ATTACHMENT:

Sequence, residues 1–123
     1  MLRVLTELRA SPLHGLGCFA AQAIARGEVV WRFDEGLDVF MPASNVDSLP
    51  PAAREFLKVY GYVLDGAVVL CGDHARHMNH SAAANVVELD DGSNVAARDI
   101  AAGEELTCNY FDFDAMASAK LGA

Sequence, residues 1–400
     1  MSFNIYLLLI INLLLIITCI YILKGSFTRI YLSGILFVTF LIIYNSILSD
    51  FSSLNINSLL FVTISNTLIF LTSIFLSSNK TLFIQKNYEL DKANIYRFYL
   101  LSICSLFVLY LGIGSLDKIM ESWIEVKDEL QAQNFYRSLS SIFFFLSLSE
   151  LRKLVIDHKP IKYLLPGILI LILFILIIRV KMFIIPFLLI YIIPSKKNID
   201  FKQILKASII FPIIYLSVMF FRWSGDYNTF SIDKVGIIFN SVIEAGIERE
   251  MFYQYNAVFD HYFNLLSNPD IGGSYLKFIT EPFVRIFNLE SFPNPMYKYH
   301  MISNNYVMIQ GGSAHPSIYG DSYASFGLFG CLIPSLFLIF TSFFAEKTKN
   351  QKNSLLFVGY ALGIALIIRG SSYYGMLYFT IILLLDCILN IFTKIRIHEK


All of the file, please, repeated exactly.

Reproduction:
Sequence, residues 1–123
     1  MLRVLTELRA SPLHGLGCFA AQAIARGEVV WRFDEGLDVF MPASNVDSLP
    51  PAAREFLKVY GYVLDGAVVL CGDHARHMNH SAAANVVELD DGSNVAARDI
   101  AAGEELTCNY FDFDAMASAK LGA

Sequence, residues 1–400
     1  MSFNIYLLLI INLLLIITCI YILKGSFTRI YLSGILFVTF LIIYNSILSD
    51  FSSLNINSLL FVTISNTLIF LTSIFLSSNK TLFIQKNYEL DKANIYRFYL
   101  LSICSLFVLY LGIGSLDKIM ESWIEVKDEL QAQNFYRSLS SIFFFLSLSE
   151  LRKLVIDHKP IKYLLPGILI LILFILIIRV KMFIIPFLLI YIIPSKKNID
   201  FKQILKASII FPIIYLSVMF FRWSGDYNTF SIDKVGIIFN SVIEAGIERE
   251  MFYQYNAVFD HYFNLLSNPD IGGSYLKFIT EPFVRIFNLE SFPNPMYKYH
   301  MISNNYVMIQ GGSAHPSIYG DSYASFGLFG CLIPSLFLIF TSFFAEKTKN
   351  QKNSLLFVGY ALGIALIIRG SSYYGMLYFT IILLLDCILN IFTKIRIHEK